A local logistics company had hired a great team of very qualified drivers, engineers, and managers, but they had a problem, and that problem’s name was Dave. Dave was great at planning. He had the math skills of a rocket scientist. He could figure out routes, costs, weights and savings better than anyone else on staff. Dave spotted inefficiencies the way most people spot a twenty-dollar bill on the sidewalk. His face would light up as if he had found a treasure, he’d swoop in, and he’d solve the problem and save the company a significant amount of money.
Dave should have been a model employee, but he had one major flaw. He was a lousy communicator. He ignored messages from supervisors, he was curt to other employees in the breakroom, and he didn’t know how to couch criticism in kind language. He was totally focused on his math, and so he forgot the human part of the equation. Roger, the CEO, wanted Dave to remain a part of his team, but he also wanted him to learn to communicate with coworkers and managers. He needed to teach Dave how to interact, and persuade him that good communication was an efficient choice in the workplace.
The logistics industry, like other engineering and technology fields, tends to attract a lot of highly-focused introverts. One reason for this is that the kind of employees who like to solve problems, think for themselves, and complete tasks efficiently also tend to be hyper-focused introverts. Drivers are people who are comfortable spending long hours alone on the road, with no companions but their own thoughts. Other members of logistics teams, like engineers and managers, relish the feeling they get when they solve a difficult problem. However, every team has a mix of extroverts and introverts, and a good leader has to teach them how to work together, both to meet goals and to create a healthy workplace culture.
Logistics firms experience communication breakdowns when:
Any team will struggle if it faces these communication problems, but when your logistics team includes one or more highly-focused introverts, these issues can lead to anger, disunity, and disaster. Fortunately, none of these issues are insurmountable. You can effectively rearrange your procedures to help improve communication skills in the workplace, especially among highly-focused employees, and build a positive team culture at your company.
Roger needed to improve Dave’s communication skills without alienating him or hurting his productivity. He put together a plan to help Dave interact better with his co-workers.
Step 1: Explain the importance of communication to Dave. Because Dave valued efficiency, he didn’t realize that his coworkers valued other things more, like friendliness or compliments. Roger explained that it was inefficient for Dave to leave out these cues, because then listeners wouldn’t hear the important part of his message. Extremely focused employees sometimes need to have these basic social skills explained in a practical, non-judgmental way.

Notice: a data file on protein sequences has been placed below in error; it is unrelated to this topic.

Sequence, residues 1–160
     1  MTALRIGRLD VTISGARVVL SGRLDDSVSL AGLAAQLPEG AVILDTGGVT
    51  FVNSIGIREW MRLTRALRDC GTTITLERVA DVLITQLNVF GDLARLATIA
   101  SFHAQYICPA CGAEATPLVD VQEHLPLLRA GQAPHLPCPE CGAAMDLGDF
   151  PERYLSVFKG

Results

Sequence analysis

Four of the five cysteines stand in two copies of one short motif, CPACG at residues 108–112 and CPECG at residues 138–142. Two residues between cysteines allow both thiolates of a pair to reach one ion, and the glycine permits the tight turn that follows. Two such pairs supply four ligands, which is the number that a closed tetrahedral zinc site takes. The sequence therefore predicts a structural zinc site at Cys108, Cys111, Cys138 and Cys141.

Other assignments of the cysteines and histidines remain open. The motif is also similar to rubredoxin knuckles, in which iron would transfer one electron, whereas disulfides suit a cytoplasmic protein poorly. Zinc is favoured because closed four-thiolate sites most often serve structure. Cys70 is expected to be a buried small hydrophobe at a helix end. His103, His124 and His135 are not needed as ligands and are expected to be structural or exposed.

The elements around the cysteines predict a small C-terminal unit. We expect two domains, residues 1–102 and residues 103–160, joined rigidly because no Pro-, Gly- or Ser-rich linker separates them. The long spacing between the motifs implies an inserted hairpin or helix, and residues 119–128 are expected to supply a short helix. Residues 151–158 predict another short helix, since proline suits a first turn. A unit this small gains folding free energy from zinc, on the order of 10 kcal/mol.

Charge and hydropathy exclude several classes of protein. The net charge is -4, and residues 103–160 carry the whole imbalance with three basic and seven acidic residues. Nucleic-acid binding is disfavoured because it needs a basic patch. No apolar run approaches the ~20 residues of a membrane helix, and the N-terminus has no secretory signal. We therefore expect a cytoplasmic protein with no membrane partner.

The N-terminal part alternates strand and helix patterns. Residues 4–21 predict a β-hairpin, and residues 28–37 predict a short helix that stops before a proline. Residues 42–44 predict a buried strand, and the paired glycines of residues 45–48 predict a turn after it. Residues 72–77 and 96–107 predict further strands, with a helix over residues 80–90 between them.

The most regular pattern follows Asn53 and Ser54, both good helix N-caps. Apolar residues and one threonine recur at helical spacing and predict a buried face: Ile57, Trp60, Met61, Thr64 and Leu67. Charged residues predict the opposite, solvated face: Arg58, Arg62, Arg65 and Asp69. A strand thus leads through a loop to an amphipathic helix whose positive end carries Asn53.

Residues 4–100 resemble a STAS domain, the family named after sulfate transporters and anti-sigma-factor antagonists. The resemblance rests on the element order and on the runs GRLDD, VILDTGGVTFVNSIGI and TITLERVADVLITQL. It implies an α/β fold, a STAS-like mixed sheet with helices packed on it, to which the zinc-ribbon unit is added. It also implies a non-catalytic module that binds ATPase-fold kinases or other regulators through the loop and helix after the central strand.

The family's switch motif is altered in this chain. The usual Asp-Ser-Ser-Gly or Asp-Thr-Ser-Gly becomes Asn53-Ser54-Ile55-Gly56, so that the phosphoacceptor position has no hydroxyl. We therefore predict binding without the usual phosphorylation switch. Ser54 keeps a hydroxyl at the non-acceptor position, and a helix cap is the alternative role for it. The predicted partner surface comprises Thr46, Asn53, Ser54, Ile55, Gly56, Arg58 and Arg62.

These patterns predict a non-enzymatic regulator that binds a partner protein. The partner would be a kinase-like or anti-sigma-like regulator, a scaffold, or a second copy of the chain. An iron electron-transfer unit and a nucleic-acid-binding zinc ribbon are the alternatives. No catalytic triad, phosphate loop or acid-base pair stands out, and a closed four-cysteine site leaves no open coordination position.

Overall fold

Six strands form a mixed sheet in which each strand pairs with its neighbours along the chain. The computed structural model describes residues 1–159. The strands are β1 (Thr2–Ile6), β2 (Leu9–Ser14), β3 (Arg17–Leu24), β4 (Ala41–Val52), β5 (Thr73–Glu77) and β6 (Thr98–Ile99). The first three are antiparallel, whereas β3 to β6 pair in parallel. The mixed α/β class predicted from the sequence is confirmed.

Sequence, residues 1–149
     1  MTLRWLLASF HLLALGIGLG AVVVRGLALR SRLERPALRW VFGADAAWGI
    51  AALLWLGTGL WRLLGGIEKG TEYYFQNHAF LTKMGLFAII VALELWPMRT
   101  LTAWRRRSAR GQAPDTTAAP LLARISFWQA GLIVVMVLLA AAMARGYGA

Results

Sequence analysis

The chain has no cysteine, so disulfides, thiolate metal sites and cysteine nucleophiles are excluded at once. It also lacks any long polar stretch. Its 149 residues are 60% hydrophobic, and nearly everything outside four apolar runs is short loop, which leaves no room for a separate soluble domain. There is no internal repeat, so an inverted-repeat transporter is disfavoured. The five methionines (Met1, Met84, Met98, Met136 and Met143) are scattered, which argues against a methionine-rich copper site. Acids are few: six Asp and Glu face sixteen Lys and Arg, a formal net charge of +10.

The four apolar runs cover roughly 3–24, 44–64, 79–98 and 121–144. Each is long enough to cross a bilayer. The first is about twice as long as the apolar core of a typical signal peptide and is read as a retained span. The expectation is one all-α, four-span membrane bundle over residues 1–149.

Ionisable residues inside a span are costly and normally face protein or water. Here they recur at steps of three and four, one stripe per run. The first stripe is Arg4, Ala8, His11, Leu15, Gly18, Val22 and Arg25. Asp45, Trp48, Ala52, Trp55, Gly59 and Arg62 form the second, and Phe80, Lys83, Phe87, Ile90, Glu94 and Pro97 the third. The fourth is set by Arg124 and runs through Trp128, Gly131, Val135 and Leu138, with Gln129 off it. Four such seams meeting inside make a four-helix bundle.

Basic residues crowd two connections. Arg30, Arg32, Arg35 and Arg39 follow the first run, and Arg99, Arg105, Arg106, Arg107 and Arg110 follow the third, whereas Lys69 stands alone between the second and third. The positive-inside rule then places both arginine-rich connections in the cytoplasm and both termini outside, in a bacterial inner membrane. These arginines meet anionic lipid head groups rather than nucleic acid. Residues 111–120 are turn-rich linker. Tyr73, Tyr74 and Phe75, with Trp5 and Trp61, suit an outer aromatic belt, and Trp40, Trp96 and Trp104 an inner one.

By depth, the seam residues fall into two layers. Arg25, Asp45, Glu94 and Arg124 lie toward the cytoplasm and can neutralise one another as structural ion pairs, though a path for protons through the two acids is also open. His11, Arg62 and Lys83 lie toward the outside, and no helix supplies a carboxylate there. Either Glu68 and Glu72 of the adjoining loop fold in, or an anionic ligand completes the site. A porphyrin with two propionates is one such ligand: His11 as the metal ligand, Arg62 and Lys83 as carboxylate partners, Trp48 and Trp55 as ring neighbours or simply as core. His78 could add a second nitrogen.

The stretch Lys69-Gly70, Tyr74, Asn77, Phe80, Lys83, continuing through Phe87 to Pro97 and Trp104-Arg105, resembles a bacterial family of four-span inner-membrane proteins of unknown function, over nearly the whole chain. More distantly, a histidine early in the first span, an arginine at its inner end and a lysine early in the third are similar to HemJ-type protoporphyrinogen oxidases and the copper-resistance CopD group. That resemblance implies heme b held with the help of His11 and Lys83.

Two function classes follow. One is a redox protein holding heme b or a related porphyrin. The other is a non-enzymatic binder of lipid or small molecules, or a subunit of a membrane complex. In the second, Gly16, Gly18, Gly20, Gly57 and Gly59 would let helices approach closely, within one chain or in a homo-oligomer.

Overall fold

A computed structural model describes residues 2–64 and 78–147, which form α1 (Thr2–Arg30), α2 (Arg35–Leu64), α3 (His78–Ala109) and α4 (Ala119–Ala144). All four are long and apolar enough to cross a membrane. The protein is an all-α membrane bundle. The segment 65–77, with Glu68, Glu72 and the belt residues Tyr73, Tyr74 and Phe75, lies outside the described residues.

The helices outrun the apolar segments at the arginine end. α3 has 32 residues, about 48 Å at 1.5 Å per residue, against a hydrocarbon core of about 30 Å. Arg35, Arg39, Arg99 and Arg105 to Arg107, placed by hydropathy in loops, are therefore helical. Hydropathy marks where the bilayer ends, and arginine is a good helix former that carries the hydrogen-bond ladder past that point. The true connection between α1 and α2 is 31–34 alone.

Step 2: Roger laid out some ground rules for effective communications as part of the logistics team, and created policies to go along with them. This gave all staff members, including Dave, a single reference point that made it possible to improve communication skills in the workplace. Roger’s rules included information on the frequency of communication (so extroverts wouldn’t have to face radio silence and introverts wouldn’t be bombarded with communications), the maximum amount of time allowed before sending a response, and reminders about social queues and compliments.
Step 3: Roger didn’t just explain other staff members’ ways of thinking to Dave. He explained Dave to the other staff members. He encouraged people to communicate important information in small, single-topic chunks rather than in long, rambling blocks of text or talk. More highly focused communication would reduce the risk of miscommunications and lost information.
Step 4: Roger realized that required meetings were especially difficult for highly-focused team members like Dave. He reduced the number of regular meetings and compensated by working to communicate more efficiently.
Step 5: To this end, Roger encouraged all of his employees to add email, texts, and internal message boards to their repertoire of communications tools.
Once Dave had clear guidelines to follow and understood his teammates’ values, he was able to improve his communication skills. He may never be that guy they want to hang out with after work, but he no longer causes friction in the office. The team is happier, and people are more willing to listen to his suggestions and to implement his ideas for cost savings.
Does your logistics team communicate well? Or are highly-focused employees making it hard for the team to function? If you need help analyzing your team’s communication strategies and creating a customized plan for change, contact Applied Vision Works.